Coal miners, like frackers, like Puerto Rico (see “They Said That, 8/3/15“) are going bust as the debt expansion gives way to debt contraction. It will soon be impossible to pretend that such insolvencies are isolated and will remain contained, just as it became impossible to pretend that declining house prices and worthless mortgage securities and derivatives would not spread on the last go around. From David Stockman at davidstockmanscontracorner.com:
If you want a cogent metaphor for the central bank enabled crack-up boom now underway on a global basis, look no further than today’s scheduled chapter 11 filling of met coal supplier Alpha Natural Resources (ANRZ). After becoming a public company in 2005, its market cap soared from practically nothing to $11 billion exactly four years ago. Now it’s back at the zero bound.
Yes, bankruptcies happen, and this is most surely a case of horrendous mismanagement. But the mismanagement at issue is that of the world’s central bank cartel.
The latter have insured that there will be thousands of such filings in the years ahead because since the mid-1990s the central banks has engulfed the global economy in an unsustainable credit based spending boom, while utterly disabling and falsifying the financial system that is supposed to price assets honestly, allocate capital efficiently and keep risk and greed in check.
Accordingly, the ANRZ stock bubble depicted above does not merely show that the boys, girls and robo-traders in the casino got way too rambunctious chasing the “BRICs will grow to the sky” tommyrot fed to them by Goldman Sachs. What was actually happening is that the central banks were feeding the world economy with so much phony liquidity and dirt cheap capital that for a time the physical economy seemed to be doing a veritable jack-and-the-beanstalk number.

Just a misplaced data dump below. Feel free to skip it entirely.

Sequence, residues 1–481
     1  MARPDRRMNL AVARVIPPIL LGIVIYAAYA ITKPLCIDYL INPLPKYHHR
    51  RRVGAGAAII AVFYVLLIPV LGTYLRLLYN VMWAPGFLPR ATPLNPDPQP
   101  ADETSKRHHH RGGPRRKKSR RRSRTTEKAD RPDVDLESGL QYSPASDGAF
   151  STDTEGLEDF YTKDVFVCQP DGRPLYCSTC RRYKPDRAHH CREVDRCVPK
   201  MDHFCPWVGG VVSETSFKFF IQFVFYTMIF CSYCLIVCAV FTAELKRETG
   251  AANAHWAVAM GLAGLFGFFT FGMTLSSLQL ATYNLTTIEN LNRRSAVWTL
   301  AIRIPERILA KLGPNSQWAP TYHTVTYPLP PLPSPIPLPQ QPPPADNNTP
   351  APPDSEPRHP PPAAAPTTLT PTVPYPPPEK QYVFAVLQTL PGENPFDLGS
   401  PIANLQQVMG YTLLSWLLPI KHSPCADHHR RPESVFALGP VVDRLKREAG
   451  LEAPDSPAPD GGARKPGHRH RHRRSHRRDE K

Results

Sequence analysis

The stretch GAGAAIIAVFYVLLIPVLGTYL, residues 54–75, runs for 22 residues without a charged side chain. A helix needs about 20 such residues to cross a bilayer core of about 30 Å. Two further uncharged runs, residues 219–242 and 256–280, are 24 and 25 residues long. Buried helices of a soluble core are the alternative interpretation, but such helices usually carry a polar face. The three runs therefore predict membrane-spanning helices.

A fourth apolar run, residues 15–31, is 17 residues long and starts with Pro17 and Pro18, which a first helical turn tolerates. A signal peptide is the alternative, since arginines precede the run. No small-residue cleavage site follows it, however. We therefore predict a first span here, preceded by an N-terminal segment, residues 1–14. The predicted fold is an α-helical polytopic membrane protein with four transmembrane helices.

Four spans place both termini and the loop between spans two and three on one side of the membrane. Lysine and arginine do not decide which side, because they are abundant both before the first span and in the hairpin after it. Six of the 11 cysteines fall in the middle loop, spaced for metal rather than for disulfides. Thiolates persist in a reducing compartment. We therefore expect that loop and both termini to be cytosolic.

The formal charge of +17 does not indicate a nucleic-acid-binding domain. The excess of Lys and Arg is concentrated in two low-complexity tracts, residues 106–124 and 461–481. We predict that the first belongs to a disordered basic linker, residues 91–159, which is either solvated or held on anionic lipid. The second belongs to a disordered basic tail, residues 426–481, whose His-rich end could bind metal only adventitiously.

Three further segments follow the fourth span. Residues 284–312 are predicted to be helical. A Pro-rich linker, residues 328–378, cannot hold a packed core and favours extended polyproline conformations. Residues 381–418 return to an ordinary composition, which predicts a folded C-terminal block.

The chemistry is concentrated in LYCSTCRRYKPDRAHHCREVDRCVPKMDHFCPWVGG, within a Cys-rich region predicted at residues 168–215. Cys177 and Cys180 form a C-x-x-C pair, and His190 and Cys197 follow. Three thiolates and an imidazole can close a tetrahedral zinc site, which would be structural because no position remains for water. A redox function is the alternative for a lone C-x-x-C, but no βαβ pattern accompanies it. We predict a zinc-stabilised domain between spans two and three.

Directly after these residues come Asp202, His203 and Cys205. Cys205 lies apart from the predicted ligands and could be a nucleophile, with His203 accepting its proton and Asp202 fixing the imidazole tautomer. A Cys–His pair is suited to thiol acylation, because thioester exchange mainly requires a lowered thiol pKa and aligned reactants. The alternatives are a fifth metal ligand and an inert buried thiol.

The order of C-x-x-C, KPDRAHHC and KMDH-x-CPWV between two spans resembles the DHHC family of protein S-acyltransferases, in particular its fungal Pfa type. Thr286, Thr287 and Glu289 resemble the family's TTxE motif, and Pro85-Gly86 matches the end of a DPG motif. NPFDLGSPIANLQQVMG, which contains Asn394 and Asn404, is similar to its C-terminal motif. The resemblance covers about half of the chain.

In fact, the central banks generated a double-pumped boom——first in the form of a credit-fueled consumption spree in the DM economies that energized the great export machine of China and its satellite suppliers; and then after the DM consumption boom crashed in 2008-2009 and threatened to bring the export-mercantilism of China’s red capitalism crashing down on Beijing’s rulers, the PBOC unleashed an even more fantastic investment and infrastructure boom in China and the rest of the EM.
During the interval between 1992 and 1994 the world’s monetary system—–which had grown increasingly unstable since the destruction of Bretton Woods in 1971——took a decided turn for the worst. This was fueled by the bailout of the Wall Street banks during the Mexican peso crisis; Mr. Deng’s ignition of export mercantilism in China and his discovery that communist party power could better by maintained from the end of the central bank’s printing presses, rather than Mao’s proverbial gun; and Alan Greenspan’s 1994 panic when the bond vigilante’s dumped over-valued government bonds after the Fed finally let money market rates rise from the ridiculously low level where Greenspan had pegged them in the interest of re-electing George Bush Sr. in 1992.
From that inflection point onward, the global central banks were off to the races and what can only be described as a credit supernova exploded throughout the warp and woof of the world’s economy. To wit, there was about $40 trillion of debt outstanding in the worldwide economy during 1994, but this figure reached $85 trillion by the year 2000, and then erupted to $200 trillion by 2014. That is, in hardly two decades the world debt increased by 5X.
To be sure, in the interim a lot of phony GDP was created in the world economy. This came first in the credit-bloated housing and commercial real estate sectors of the DM economies through 2008; and then in the explosion of infrastructure and industrial asset investment in the EM world in the aftermath of the financial crisis and Great Recession. But even then, the growth of unsustainable debt fueled GDP was no match for the tsunami of debt itself.
At the 1994 inflection point, world GDP was about $25 trillion and its nominal value today is in the range of $70 trillion—-including the last gasp of credit fueled spending (fixed asset investment) that continues to deliver iron ore mines, container ships, earthmovers, utility power plants, deep sea drilling platforms and Chinese airports, highways and high rises which have negligible economic value. Still, even counting all the capital assets which were artificially delivered to the spending (GDP) accounts, and which will eventually be written-down or liquidated on balance sheets, GDP grew by only $45 trillion in the last two decades or by just 28% of the $160 trillion debt supernova.
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